Development, Democracy, and Mass Killings
AbstractUsing a newly assembled dataset spanning from 1820 to 1998, we study the relationship between the occurrence and cruelty of episodes of mass killing and the levels of development and democracy across countries and over time. We find that massacres are more likely at intermediate levels of income and less likely at very high levels of democracy, but we do not find evidence of a linear relationship between democracy and probability of mass killings. In the 20th century, discrete improvements in democracy are systematically associated with less cruel massacre episodes. Episodes at the highest levels of democracy and income involve relatively fewer victims.
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Bibliographic InfoPaper provided by Center for Global Development in its series Working Papers with number 93.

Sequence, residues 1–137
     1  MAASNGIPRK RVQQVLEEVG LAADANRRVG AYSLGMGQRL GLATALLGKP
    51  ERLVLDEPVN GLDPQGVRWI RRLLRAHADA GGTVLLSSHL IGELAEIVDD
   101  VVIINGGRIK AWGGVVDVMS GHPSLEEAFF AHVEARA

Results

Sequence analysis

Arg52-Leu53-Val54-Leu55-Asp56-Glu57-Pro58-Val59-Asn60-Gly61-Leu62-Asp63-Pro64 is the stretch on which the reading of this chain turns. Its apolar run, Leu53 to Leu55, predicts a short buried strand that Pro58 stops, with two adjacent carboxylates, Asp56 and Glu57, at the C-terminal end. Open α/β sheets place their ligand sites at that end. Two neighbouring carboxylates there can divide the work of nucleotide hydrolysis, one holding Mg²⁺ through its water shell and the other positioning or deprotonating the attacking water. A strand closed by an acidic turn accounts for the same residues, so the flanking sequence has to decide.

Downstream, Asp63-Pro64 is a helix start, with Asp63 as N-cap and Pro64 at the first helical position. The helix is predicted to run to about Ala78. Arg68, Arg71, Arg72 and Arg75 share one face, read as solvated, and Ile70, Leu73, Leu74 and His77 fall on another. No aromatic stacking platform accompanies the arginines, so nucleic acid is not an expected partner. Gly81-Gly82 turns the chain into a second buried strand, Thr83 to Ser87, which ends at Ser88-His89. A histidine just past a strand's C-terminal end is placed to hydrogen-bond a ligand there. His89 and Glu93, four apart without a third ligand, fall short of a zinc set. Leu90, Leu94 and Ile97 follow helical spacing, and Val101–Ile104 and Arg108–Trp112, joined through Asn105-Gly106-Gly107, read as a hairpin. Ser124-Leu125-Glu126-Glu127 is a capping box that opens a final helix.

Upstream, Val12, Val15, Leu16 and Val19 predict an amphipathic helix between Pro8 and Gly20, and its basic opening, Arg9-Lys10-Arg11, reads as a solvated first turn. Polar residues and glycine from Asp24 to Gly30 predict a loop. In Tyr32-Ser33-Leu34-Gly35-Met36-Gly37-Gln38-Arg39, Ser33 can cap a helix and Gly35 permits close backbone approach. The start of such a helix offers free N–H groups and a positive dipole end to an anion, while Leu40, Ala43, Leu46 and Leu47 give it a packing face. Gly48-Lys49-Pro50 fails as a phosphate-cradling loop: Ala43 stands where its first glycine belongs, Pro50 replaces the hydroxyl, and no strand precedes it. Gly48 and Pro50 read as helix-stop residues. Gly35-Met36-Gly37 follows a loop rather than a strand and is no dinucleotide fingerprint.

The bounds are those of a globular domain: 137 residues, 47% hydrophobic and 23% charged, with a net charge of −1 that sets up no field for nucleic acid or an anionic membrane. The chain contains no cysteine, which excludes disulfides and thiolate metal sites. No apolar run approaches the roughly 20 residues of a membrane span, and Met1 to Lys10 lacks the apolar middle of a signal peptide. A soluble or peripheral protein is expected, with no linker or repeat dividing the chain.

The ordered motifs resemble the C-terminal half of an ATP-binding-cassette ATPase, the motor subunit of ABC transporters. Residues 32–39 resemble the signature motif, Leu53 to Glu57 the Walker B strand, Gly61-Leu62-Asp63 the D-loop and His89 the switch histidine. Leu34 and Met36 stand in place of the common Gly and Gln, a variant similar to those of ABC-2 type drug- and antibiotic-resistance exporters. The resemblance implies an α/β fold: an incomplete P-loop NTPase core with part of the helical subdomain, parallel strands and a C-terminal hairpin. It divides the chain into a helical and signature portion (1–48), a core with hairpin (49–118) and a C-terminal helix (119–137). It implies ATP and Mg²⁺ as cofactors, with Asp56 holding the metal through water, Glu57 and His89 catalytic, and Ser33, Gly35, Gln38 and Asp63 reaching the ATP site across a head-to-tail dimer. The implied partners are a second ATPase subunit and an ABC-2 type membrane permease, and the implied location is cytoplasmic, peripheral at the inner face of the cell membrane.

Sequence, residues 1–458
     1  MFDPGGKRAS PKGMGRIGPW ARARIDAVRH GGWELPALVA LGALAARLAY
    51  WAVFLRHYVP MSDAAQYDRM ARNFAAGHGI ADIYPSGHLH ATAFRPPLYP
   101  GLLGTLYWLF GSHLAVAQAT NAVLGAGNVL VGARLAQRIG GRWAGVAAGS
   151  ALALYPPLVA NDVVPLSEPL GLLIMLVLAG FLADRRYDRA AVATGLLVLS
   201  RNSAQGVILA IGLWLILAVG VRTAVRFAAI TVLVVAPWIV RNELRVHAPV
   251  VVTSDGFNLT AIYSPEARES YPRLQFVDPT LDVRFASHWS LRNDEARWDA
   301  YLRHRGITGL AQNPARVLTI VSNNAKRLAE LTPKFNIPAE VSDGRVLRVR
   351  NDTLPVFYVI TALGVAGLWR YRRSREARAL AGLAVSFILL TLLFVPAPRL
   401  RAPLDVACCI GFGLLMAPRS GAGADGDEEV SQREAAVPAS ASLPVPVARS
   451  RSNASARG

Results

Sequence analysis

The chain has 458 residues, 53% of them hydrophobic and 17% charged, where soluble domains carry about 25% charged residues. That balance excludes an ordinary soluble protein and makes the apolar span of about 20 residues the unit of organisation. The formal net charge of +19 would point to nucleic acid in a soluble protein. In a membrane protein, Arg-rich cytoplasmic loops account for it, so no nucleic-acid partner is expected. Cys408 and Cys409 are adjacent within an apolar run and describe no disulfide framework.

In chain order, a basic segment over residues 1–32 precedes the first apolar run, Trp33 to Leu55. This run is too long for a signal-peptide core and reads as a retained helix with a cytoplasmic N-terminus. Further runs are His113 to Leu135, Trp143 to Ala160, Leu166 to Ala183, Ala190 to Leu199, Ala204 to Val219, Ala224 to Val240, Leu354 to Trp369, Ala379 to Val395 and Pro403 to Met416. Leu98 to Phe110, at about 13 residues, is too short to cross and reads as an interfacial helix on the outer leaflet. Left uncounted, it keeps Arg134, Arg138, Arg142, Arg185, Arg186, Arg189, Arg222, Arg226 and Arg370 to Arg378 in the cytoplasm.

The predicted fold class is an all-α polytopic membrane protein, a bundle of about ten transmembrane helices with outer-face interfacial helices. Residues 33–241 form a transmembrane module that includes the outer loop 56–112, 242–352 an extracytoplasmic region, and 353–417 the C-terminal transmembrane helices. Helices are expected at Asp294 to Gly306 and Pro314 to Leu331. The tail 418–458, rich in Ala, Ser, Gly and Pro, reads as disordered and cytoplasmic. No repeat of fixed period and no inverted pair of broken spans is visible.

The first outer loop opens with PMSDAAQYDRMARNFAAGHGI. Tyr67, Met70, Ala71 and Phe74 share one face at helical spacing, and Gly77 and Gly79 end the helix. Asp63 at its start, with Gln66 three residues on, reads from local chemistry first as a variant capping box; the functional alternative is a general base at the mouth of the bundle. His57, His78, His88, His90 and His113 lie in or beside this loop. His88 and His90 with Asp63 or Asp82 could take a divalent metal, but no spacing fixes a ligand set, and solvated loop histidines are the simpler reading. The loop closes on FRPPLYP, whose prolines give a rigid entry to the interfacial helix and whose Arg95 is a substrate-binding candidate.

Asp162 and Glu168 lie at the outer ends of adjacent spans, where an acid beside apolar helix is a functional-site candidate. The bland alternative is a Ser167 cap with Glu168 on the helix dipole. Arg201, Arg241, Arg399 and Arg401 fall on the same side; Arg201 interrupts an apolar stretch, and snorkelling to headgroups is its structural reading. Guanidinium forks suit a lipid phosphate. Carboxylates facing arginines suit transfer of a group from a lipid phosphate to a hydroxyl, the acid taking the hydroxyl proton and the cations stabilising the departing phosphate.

Length: 48 pages
Date of creation: Jul 2006
Date of revision:
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Web page: http://www.cgdev.org
Economic development; mass killings; genocide; democracy;
Other versions of this item:
- O15 - Economic Development, Technological Change, and Growth - - Economic Development - - - Economic Development: Human Resources; Human Development; Income Distribution; Migration
This paper has been announced in the following NEP Reports:
- NEP-ALL-2006-08-12 (All new papers)
- NEP-POL-2006-08-12 (Positive Political Economics)
- NEP-SOC-2006-08-12 (Social Norms & Social Capital)
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